en·thuse | \ in-ˈthüz , en- also -ˈthyüz \
enthused; enthusing

Definition of enthuse 

transitive verb

1 : to make enthusiastic is enthused about the project

2 : to express with enthusiasm

intransitive verb

: to show enthusiasm a splendid performance, and I was enthusing over it —Julian Huxley

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Usage of enthuse: Usage Guide

Enthuse is apparently American in origin, although the earliest known example of its use occurs in a letter written in 1827 by a young Scotsman who spent about two years in the Pacific Northwest. It has been disapproved since about 1870. Current evidence shows it to be flourishing nonetheless on both sides of the Atlantic especially in journalistic prose.

Examples of enthuse in a Sentence

“This dinner is wonderful!” he enthused. His presentation failed to enthuse the committee.

Recent Examples on the Web

Kathleen Schmeler, a gynecological oncologist at MD Anderson Cancer Center who was not involved in the study, was enthused about the new results. Laurie Mcginley, latimes.com, "HPV test is better than Pap smear at detecting precancerous cervical changes, study says," 3 July 2018 That idea was scrapped in favor of a single mount of the better skeleton, which the local press immediately enthused over. Brian Switek, Smithsonian, "How We Elected T. rex to be Our Tyrant Lizard King," 21 June 2018 No two countries are more closely aligned than Britain and America in views of capitalism and entrepreneurship, enthuses Mr Holding. The Economist, "The promised post-Brexit trade deal with America may never materialise," 5 Apr. 2018 As word of the promotion spread on social media, millennials were less than enthused by the team’s efforts. Andrew Joseph, For The Win, "Minor league team makes millennials angry with its Millennial Night promotion," 12 July 2018 Asked about about such a matchup, Hurley wasn't enthused. Doug Haller, azcentral, "ASU notes: Pac-12 basketball coaches unsure on 20-game conference schedule," 2 May 2018 Rather than approach Kim as a pariah, Trump showered him with respect and even flattery, enthused to shake hands with a monstrous figure in part, perhaps, because his monstrosity is his source of power. Philip Rucker, Anchorage Daily News, "In a bid for history, Trump flatters North Korea's totalitarian leader," 12 June 2018 While students were, like today, not all that enthused with authority, they were horrified by the death of a popular professor. Michael S. Rosenwald, Washington Post, "A masked shooter. A campus killing. And a manhunt 159 years before Columbine.," 20 Apr. 2018 Watching the footage, Liverpool fans can be and are enthused at the prospect of Mohamed Salah facing up against Marcelo. SI.com, "Liverpool Fans Delighted by Marcelo's Erratic Defending in Real Madrid's Final League Match," 20 May 2018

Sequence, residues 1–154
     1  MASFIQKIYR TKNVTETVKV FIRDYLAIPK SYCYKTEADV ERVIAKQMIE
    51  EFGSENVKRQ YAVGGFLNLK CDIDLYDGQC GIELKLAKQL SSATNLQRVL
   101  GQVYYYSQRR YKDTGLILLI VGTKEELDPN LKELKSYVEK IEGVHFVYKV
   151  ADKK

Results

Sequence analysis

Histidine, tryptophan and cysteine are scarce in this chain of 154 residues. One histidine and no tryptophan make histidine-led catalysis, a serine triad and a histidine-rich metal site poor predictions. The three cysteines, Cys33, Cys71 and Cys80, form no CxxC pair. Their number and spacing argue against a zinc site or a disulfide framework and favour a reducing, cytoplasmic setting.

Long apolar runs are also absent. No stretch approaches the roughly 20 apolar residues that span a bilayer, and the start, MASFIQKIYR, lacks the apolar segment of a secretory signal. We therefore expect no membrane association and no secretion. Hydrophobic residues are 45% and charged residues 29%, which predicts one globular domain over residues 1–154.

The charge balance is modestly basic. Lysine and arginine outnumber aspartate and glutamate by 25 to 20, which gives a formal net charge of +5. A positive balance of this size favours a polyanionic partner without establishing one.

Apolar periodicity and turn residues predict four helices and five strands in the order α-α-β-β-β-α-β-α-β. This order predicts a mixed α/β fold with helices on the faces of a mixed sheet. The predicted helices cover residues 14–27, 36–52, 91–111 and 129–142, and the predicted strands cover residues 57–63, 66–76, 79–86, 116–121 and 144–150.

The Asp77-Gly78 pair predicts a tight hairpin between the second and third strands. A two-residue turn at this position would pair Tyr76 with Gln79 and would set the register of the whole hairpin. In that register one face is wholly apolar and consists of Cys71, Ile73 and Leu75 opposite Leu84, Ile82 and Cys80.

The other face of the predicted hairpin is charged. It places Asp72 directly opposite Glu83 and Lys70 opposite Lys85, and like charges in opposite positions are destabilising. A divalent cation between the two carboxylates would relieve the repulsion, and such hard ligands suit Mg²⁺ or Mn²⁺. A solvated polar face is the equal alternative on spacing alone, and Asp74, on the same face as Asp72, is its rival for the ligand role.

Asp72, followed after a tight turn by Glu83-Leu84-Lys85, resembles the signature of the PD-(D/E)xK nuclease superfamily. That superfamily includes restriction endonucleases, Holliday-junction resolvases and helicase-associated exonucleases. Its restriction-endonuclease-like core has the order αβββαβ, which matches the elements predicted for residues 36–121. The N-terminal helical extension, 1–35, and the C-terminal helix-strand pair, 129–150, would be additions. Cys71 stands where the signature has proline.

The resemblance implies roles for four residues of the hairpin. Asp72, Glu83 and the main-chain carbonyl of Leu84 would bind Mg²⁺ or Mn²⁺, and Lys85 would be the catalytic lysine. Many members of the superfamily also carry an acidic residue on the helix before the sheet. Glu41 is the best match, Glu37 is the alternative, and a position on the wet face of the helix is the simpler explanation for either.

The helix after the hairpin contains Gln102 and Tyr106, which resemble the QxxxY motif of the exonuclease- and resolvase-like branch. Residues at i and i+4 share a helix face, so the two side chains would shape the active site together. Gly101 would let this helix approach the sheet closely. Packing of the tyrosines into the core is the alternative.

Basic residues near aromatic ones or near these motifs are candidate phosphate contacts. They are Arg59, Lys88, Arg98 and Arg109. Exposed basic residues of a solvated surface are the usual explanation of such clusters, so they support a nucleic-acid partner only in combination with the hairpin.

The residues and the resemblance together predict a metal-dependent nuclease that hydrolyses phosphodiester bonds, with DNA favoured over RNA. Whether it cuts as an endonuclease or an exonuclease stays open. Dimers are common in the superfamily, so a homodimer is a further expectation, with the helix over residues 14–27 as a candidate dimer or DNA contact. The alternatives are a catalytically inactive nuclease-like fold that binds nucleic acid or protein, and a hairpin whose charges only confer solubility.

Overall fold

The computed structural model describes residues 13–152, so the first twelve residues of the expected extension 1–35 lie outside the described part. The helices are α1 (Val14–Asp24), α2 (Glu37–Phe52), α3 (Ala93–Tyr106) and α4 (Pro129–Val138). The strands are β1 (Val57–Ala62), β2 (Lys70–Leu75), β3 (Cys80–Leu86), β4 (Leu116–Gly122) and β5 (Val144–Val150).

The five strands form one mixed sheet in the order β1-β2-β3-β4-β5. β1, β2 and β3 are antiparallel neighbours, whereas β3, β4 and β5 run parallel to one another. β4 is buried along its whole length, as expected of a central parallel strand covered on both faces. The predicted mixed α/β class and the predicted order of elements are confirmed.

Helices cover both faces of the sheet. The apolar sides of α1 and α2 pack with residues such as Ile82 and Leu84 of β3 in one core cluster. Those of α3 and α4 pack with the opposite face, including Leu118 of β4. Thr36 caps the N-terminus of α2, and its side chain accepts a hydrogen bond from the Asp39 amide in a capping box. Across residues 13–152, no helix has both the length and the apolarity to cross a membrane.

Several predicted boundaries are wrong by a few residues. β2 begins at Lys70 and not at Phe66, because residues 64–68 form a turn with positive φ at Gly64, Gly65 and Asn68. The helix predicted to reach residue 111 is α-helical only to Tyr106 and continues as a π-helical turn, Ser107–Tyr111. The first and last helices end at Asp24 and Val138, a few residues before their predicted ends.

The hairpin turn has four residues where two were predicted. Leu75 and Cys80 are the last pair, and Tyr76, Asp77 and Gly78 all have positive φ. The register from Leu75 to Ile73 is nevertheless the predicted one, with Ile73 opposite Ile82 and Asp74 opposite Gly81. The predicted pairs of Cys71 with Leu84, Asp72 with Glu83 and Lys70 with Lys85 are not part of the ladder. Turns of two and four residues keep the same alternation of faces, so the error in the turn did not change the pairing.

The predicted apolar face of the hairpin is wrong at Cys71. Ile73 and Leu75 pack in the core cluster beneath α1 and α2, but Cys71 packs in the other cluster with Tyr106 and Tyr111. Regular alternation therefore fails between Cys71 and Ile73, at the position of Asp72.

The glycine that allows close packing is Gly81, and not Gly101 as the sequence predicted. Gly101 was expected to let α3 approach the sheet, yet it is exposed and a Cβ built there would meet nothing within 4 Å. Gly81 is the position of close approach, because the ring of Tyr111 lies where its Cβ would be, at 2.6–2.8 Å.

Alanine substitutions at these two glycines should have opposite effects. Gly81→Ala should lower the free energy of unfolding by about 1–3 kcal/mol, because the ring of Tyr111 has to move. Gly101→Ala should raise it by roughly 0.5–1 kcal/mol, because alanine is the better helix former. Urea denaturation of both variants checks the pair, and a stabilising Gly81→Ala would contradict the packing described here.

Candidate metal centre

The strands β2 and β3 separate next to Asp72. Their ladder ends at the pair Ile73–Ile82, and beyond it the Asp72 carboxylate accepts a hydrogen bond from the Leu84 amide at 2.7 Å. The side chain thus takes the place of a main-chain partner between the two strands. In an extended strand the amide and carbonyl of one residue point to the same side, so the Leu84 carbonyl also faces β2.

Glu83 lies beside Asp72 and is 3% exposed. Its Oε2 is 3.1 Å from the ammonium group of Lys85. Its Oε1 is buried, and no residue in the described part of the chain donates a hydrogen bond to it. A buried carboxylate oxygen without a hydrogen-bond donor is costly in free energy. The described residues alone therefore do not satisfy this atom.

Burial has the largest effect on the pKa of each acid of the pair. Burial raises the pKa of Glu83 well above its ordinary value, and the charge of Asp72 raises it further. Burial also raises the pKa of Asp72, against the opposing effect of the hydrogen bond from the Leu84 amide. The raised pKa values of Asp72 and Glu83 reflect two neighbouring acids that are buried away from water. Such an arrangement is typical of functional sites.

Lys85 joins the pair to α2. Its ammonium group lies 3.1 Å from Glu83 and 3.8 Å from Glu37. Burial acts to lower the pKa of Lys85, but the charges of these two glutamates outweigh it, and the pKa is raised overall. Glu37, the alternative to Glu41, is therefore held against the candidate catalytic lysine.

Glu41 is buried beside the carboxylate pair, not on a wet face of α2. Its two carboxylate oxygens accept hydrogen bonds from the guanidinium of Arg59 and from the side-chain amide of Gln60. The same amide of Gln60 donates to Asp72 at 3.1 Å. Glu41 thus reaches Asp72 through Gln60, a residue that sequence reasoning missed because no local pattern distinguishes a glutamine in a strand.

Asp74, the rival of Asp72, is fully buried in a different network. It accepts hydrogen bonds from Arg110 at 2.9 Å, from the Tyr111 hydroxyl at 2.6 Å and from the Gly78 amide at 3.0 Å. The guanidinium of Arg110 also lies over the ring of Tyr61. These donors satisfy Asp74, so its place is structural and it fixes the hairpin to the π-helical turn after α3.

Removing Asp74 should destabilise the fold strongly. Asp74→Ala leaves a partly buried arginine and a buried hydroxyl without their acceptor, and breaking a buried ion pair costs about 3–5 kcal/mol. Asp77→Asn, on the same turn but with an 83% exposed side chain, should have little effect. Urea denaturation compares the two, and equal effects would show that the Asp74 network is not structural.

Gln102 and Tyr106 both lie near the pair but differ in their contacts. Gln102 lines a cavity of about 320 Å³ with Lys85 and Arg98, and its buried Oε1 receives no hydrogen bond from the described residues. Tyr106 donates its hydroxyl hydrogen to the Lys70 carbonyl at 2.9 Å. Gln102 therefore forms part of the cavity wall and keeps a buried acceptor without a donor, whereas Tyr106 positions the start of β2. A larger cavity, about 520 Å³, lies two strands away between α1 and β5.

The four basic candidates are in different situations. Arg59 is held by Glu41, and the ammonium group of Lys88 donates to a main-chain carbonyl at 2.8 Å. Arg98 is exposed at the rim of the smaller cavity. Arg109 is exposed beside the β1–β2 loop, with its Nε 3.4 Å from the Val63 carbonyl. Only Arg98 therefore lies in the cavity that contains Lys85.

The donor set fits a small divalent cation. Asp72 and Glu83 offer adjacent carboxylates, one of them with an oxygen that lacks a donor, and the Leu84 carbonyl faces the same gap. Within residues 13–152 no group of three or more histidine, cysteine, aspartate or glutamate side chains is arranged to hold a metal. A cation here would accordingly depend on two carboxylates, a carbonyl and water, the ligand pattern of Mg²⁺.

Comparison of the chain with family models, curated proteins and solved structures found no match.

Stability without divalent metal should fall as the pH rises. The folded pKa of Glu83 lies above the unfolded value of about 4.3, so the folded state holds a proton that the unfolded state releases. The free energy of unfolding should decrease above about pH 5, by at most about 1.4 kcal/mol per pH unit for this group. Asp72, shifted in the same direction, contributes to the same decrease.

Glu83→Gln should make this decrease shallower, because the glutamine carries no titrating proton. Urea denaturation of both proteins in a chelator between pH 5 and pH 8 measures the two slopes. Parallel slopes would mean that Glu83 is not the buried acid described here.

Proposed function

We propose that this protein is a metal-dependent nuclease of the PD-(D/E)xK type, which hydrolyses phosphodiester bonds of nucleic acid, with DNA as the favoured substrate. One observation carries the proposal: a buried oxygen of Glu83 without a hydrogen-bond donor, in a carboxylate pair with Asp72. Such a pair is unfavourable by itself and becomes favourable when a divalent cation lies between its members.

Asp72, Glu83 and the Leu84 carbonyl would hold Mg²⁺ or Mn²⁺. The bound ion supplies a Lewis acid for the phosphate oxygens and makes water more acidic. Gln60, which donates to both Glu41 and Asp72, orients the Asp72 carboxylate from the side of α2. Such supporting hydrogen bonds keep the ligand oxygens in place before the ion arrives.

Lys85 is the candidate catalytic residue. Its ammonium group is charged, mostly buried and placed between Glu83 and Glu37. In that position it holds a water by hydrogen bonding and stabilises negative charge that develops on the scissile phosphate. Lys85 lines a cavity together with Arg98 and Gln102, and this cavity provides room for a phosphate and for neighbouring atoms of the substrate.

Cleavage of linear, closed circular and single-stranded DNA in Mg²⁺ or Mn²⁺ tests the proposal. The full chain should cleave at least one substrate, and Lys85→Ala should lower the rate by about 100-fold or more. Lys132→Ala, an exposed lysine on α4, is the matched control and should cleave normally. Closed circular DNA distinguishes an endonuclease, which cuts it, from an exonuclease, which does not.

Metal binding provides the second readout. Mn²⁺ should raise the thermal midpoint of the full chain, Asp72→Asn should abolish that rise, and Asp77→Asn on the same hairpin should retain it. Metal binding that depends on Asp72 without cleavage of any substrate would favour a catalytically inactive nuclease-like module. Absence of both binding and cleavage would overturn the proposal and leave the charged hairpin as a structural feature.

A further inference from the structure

These example sentences are selected automatically from various online news sources to reflect current usage of the word 'enthuse.' Views expressed in the examples do not represent the opinion of Merriam-Webster or its editors. Send us feedback.

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First Known Use of enthuse

1827, in the meaning defined at transitive sense 1

History and Etymology for enthuse

back-formation from enthusiasm

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Statistics for enthuse

Last Updated

24 Aug 2018

Look-up Popularity

Time Traveler for enthuse

The first known use of enthuse was in 1827

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English Language Learners Definition of enthuse

: to say (something) with enthusiasm

: to show enthusiasm : to talk about something with enthusiasm

: to make (someone) enthusiastic

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Comments on enthuse

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